Women, adult education and really useful knowledge : an essay concerning feminist pedagogy, epistemology, research, etc.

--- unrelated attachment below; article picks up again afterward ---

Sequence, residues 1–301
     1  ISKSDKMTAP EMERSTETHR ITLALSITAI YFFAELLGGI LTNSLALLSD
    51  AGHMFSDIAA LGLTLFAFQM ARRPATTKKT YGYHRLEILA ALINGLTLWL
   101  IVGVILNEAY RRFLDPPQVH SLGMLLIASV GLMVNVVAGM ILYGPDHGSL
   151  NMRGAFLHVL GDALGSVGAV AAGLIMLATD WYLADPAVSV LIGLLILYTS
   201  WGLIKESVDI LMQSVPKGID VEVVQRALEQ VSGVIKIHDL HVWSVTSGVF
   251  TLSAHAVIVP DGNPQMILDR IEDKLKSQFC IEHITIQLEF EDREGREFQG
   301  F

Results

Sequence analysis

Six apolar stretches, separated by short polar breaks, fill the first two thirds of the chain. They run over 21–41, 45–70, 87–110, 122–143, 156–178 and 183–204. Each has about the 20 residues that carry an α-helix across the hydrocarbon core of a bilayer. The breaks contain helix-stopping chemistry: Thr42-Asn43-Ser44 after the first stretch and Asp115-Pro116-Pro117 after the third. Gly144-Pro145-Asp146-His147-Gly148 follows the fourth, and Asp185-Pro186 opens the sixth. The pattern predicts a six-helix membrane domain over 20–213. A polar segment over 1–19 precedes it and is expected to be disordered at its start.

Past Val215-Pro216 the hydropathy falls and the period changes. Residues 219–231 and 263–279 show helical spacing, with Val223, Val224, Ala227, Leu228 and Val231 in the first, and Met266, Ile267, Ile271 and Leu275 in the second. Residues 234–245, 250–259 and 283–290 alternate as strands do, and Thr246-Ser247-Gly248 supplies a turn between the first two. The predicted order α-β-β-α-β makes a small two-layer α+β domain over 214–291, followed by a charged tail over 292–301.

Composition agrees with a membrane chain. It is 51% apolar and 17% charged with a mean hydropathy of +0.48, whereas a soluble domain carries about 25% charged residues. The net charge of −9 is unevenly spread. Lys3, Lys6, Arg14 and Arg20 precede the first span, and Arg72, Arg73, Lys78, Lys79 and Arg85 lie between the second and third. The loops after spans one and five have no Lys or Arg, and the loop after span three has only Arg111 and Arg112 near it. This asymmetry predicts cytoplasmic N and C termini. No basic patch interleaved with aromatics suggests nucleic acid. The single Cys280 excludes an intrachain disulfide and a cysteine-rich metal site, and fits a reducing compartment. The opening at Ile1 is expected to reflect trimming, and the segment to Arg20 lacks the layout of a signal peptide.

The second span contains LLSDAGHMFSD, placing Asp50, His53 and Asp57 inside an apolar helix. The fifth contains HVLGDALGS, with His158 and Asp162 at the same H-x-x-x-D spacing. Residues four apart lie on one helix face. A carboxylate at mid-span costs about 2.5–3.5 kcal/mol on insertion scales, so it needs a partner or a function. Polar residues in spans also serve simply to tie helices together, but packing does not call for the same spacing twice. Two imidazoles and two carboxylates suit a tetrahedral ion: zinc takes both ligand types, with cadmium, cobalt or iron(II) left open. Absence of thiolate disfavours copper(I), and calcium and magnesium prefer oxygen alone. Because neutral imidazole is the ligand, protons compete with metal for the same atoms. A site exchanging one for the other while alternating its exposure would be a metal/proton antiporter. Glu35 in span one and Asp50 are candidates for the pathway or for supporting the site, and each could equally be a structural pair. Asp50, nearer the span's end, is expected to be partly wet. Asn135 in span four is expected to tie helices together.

The thesis offers a post hoc account of three pieces of research relating to women's adult education which were camed out by the author over a penod of about fifteen years. In the process the thesis engages with a number of themes and issues in and around feminist theory and practite and adult education theory and practice. Radical traditions in adult education - particularly femimst-inspired traditions - are examined as spaces for the democratic production of "really useful knowledge". Changing meanings of feminist research and radical adult education are explored, as is the relationship between abstract knowledge and everyday knowledge. Developments in feminist epistemology are drawn on and related to a social justice agenda for adult education Through a critique of my own practice. I suggest that feminists and adult educators are well-placed to pursue a democratising project geared to including previously excluded groups in the production of legitimated knowledge. The thesis argues that we need to develop an understanding of our practices which combines historical, contextual understandings with an appreciation of what changed social and cultural conditions mean for the pursuit of any democratic knowledge-producing project.